NASHVILLE, Tenn. -- A top Republican lawmaker is upset about the dismissal of an ethics complaint he filed against the state's top judge, and now he's threatening greater scrutiny of the board that polices Tennessee judges.
As NewsChannel 5 Investigates reported Friday, the Board of Judicial Conduct (BJC) dismissed a complaint filed last year against Chief Justice Gary Wade.
Wade had told a newspaper he believed all the state's appellate judges were qualified to serve. That came as the state's Judicial Performance Evaluation Commission (JPEC) was trying to decide whether to recommend that those judges be retained.
In a letter sent to the Board of Judicial Conduct, Senate Government Operations Chairman Mike Bell noted that he was the one who filed the unofficial complaint. The Riceville Republican was critical not only of the Board's dismissal of his complaint, but also of a letter sent by Board Chair Chris Craft to NewsChannel 5.
"Finally, Judge Craft, your letter contradicts current members of the BJC and the JPEC who told me last fall and continue to say to me that Judge Wade actively and aggressively sought to influence JPEC's judicial evaluations through lobbying efforts, tainting the entire process," Bell wrote.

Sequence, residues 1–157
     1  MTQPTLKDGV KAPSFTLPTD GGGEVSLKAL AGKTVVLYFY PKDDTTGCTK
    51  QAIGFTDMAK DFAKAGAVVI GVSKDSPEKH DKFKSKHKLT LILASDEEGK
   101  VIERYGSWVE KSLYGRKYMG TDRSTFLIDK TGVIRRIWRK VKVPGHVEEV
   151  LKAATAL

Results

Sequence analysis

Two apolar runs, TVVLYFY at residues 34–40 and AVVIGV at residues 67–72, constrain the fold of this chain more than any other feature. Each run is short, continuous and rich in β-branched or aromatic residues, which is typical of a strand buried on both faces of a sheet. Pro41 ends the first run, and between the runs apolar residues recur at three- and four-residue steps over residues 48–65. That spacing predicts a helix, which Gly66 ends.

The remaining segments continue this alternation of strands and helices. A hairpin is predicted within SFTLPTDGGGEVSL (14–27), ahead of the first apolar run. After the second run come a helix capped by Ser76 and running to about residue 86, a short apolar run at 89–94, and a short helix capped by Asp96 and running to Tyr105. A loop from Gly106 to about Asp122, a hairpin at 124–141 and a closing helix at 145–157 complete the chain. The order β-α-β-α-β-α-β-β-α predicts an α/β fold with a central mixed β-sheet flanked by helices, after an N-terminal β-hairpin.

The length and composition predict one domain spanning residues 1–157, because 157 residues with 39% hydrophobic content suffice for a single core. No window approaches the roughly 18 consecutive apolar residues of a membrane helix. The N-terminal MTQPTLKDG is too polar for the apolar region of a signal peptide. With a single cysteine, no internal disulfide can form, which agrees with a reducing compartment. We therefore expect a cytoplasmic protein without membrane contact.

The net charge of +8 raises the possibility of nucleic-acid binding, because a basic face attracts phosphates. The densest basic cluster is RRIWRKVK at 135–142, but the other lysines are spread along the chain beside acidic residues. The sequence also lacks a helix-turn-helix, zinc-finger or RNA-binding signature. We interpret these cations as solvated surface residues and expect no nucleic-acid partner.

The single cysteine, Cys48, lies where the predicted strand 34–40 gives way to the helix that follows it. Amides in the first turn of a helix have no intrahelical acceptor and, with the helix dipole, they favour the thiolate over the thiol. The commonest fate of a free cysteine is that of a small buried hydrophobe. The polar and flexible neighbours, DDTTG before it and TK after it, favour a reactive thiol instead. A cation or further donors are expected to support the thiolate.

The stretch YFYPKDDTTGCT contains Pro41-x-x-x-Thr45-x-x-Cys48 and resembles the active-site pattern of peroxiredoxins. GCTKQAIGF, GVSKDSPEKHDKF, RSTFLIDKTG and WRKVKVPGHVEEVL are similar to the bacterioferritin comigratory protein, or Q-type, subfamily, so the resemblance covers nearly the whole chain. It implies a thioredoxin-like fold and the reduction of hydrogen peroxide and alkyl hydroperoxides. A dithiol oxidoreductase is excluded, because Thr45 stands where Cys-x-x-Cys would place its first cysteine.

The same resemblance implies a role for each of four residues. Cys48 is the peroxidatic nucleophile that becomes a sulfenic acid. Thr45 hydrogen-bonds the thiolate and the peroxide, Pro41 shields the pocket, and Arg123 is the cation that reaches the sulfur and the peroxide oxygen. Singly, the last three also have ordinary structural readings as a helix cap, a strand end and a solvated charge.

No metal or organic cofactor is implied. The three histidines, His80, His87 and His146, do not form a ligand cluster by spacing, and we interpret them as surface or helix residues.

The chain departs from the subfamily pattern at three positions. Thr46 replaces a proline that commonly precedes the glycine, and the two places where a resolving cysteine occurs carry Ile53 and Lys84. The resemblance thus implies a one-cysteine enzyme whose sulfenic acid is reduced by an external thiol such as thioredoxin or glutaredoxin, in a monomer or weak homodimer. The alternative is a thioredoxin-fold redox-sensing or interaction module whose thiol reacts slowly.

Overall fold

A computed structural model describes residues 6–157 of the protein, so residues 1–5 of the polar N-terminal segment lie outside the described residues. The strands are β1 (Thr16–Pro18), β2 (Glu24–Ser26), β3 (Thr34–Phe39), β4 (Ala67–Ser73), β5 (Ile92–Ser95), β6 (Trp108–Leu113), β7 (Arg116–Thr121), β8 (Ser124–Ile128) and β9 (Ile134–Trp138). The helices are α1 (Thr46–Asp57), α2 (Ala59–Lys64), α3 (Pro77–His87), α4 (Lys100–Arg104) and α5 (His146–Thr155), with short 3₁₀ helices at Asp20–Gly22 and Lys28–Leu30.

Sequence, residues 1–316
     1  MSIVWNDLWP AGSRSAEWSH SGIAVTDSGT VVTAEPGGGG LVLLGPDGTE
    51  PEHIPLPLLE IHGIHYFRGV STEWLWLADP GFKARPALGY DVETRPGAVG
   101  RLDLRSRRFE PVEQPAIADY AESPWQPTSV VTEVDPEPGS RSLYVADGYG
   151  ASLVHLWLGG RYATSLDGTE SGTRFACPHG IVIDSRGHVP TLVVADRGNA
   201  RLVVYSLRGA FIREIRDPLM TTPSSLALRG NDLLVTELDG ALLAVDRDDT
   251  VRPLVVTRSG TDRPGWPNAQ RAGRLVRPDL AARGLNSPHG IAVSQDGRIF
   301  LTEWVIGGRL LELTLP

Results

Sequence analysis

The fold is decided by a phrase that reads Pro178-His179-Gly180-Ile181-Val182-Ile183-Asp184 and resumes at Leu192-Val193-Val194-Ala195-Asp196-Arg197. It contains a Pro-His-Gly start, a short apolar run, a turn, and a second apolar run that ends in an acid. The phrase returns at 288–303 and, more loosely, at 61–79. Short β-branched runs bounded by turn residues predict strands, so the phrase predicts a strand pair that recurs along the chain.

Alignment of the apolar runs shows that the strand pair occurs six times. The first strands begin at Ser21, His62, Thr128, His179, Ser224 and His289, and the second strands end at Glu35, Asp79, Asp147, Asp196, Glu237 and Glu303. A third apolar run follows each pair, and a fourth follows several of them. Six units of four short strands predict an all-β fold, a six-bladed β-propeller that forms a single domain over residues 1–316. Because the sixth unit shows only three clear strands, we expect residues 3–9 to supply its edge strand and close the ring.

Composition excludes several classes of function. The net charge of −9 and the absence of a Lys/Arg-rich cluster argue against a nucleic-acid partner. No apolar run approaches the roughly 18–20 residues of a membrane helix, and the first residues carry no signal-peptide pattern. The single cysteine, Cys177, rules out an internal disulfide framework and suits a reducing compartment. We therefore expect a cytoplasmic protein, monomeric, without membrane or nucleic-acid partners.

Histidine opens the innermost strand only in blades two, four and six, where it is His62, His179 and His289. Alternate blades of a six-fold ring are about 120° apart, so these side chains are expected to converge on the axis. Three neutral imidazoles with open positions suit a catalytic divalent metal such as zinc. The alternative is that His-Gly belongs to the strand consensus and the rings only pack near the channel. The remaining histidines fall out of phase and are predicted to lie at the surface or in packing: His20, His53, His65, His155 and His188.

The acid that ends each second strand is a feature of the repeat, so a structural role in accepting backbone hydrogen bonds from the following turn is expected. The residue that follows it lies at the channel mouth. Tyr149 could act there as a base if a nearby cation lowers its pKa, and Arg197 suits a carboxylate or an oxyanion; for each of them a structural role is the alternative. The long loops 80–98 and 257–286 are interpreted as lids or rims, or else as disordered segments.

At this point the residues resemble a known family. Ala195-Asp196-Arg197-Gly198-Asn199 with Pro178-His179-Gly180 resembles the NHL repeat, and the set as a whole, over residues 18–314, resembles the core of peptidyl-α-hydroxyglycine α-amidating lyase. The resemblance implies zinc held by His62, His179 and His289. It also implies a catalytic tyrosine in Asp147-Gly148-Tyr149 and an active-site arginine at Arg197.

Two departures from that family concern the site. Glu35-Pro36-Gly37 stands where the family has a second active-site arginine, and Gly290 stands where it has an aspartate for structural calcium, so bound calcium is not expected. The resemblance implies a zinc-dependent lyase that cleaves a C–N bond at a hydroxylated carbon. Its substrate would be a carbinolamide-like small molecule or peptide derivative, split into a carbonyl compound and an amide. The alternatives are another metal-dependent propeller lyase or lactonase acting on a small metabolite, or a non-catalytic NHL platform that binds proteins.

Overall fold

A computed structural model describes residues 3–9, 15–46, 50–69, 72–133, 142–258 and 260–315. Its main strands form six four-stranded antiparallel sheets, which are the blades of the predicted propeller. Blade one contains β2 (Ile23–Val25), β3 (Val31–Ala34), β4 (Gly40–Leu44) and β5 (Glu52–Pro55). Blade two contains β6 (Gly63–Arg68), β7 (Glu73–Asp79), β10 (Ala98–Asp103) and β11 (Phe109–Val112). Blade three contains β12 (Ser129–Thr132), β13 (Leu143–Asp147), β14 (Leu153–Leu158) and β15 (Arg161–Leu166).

"If they are correct, and I believe they are, the Chief Justice of Tennessee's Supreme Court has damaged the cornerstone of the evaluation process by robbing it of its independence." (Read the letter.)
Lt. Gov. Ron Ramsey had previously claimed that Wade had been "reprimanded, if not censured" for endorsing judges who were up for re-election.
In an exclusive interview with NewsChannel 5 Investigates, the chief justice defended his actions.
"I was called upon to ask about the work product of our judges and, when that work product is good, it seems to me that the role of the chief justice requires a positive comment upon the quality of the work."
But Bell did not accept the explanations.
"Some of my legislative colleagues think past General Assemblies have enabled an insular culture of cronyism and obfuscation at the BJC and JPEC by insufficiently engaging those boards and commissions," he wrote to Craft.
"I assure you lack of engagement will not be a problem in upcoming legislative sessions."